San Franciscans don’t like outsiders bashing their city, but they’re also cleareyed about its biggest problems: homelessness, rampant drug use and leaders who can’t seem to fix those issues.
So how does San Francisco turn its lackluster image around?
Some wealthy locals say the way forward is a brand refresh, and they are throwing their support behind a new $4 million ad campaign that will promote San Francisco as a hub of innovation and creativity.
The slogan? “It All Starts Here.”
It’s meant to remind San Franciscans — and everyone else — that the city of cable cars, Levi’s jeans, the Summer of Love, Gap Inc., Uber, Harvey Milk and the Golden State Warriors still has an exciting future ahead of it.
The campaign, funded by the tech billionaire Chris Larsen and Bob Fisher, whose parents founded Gap in San Francisco in the 1960s, includes a social media video narrated by the actor Peter Coyote, hundreds of billboards around the city, banners hanging from light poles, and bumper stickers and signs for business owners and residents to hang in their windows.
“No question we’ve got problems we’ve got to fix,” said Mr. Larsen, who has funded numerous start-ups and now sees his city’s reputation as desperately needing investment.
“But we can’t let the brand just suffer,” he added. “We’ve got so much to be proud of, and we can’t lose sight of that.”
The campaign will be announced on Thursday at Oracle Park, the home of the San Francisco Giants. While it has been mostly funded by Mr. Larsen and Mr. Fisher, the campaign is being orchestrated by Advance SF, a new organization made up of the city’s biggest employers, as an effort to bolster civic pride and lure tourists and convention-goers back.
San Francisco’s tourism industry is slowly returning, but it hasn’t fully recovered from the pandemic. In August, for example, data collected by the city tourism board showed that 69 percent of the city’s hotel rooms were occupied that month, compared with 85 percent during the same month in 2019.
“What we need to do is not let the self-fulfilling prophecies engulf us,” said Larry Baer, the Giants’ president and a co-chair of Advance SF. He noted that it was especially important to break out of the malaise as President Biden and other heads of state were scheduled to come to the city next month for the Asia-Pacific Economic Cooperation summit.
“This is a major pushback against a narrative we think is false,” Mr. Baer said.
Still, there’s no doubt that locals are down on their city. A poll of 458 San Francisco voters conducted last month by GrowSF, a moderate political advocacy group, found that 68 percent of respondents thought the city was on the wrong track.
At least 80 percent cited homelessness, open-air drug use and fentanyl dealing as very serious problems, and about two-thirds disapproved of the job that Mayor London Breed and the Board of Supervisors were doing.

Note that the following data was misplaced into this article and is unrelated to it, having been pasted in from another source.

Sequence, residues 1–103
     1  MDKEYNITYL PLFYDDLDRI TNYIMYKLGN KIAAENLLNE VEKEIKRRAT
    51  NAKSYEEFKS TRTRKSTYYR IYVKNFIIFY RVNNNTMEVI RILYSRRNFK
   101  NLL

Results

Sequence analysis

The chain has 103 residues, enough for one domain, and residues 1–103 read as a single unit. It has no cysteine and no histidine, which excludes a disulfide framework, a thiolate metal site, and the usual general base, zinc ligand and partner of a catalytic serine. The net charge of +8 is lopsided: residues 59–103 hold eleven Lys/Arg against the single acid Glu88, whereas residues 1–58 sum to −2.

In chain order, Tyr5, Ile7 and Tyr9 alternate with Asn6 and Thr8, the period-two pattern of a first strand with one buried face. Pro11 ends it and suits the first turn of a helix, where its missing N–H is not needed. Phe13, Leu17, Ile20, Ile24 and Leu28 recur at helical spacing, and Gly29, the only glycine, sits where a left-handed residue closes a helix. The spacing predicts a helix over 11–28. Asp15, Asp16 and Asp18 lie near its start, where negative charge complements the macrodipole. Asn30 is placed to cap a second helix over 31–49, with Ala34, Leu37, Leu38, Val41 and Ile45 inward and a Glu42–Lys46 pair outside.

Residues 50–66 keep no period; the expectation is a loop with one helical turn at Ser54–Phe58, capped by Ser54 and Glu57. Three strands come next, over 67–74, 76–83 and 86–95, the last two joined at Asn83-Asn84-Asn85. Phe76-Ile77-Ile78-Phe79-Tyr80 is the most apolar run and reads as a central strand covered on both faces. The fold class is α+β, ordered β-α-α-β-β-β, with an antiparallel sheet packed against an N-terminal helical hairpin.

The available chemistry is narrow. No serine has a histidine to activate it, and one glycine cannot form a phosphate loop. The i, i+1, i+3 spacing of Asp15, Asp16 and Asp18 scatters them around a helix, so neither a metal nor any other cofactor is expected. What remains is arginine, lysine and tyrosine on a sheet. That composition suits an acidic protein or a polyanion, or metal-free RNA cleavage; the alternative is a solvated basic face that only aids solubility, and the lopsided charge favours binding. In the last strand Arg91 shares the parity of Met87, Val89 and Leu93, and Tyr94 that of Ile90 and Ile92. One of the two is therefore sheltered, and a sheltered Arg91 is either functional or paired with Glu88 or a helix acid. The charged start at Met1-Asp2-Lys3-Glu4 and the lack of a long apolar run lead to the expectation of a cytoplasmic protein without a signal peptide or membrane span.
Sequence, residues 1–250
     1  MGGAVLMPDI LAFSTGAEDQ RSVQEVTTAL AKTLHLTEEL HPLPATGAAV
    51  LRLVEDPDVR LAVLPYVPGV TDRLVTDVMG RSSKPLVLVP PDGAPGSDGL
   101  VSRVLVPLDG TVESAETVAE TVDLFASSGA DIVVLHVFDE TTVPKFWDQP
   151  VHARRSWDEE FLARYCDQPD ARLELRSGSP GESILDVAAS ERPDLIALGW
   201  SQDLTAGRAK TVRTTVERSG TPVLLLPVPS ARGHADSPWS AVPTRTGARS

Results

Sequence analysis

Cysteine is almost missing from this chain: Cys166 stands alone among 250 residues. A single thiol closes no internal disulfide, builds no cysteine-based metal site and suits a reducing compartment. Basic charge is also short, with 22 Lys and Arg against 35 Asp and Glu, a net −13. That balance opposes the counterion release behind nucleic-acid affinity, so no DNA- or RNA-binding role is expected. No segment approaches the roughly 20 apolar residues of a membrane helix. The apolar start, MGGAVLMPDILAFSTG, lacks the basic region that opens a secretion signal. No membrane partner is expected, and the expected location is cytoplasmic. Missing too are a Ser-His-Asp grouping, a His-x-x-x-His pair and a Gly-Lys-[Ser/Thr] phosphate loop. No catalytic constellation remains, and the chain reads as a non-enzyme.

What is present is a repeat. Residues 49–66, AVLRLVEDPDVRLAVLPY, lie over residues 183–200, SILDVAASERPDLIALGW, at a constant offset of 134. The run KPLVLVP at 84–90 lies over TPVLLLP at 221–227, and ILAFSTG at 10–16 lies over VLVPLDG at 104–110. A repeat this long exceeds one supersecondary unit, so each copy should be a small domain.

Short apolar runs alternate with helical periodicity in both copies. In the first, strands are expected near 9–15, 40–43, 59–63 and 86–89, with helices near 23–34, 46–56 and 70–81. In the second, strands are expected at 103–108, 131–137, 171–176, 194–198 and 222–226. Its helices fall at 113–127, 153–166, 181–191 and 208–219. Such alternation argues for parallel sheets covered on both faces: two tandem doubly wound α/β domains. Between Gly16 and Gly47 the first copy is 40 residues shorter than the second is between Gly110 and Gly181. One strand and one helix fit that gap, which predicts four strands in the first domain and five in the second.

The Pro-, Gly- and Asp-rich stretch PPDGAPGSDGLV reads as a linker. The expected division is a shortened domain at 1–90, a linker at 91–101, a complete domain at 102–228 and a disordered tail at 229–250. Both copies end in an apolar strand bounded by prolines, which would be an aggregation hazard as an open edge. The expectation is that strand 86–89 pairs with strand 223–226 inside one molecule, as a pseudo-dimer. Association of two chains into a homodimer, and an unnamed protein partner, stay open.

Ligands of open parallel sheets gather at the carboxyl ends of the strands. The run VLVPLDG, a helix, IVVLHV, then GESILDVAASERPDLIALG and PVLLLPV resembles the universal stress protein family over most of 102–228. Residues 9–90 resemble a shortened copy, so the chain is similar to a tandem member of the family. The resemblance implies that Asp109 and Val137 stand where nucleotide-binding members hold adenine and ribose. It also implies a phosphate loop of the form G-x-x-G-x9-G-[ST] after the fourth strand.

The good news: 86 percent of respondents believe that the city’s problems can be fixed. But can a few catchy words on bumper stickers really help?
Consider New York City in the late 1970s. Crime in the city was surging, tourism was suffering, and a blackout in 1977 prompted widespread looting and arrests. The city was nearing bankruptcy, and President Gerald Ford was refusing to offer federal help.
So the state of New York hired a Madison Avenue advertising firm, Wells Rich Greene, to develop a campaign to draw back visitors. They teamed up with the graphic designer Milton Glaser, who used a red crayon on a piece of scrap paper to create the original “I Love NY” logo, with a red heart in place of the word “love.”
Of course, a logo emblazoned on untold numbers of T-shirts in Times Square can’t be credited with changing an entire city’s fate. But it did at least coincide with renewed civic pride, a revitalized tourism industry and an eventual economic recovery.
Stefan Gruber, the director of the Remaking Cities Institute at Carnegie Mellon University, pointed to “I Love NY” as perhaps the best example of an effort to rebrand a city.
“We still buy the T-shirts after so many years!” he said with a laugh. “But that’s just scratching the surface.”
What really helped turn New York around in the 1970s, he argued, was the creation of the Urban Homesteading Assistance Board, which turned thousands of derelict housing units into rehabilitated cooperative housing for low-income tenants and reinvigorated neighborhoods.
“We cannot fix cities’ problems by hiring advertising agencies,” Mr. Gruber said, noting that the real way to transform San Francisco is to build more affordable housing in a city with a widening wealth gap and find creative ways to enliven the hollowed-out downtown.
Mr. Fisher, the chairman of Gap, said that San Francisco hasn’t built enough housing over the past several decades and that it has wrapped itself in too much red tape to do so quickly.
Still, he said he was hopeful for a comeback.
“We love this place,” Mr. Fisher said. “I’m excited about the future.”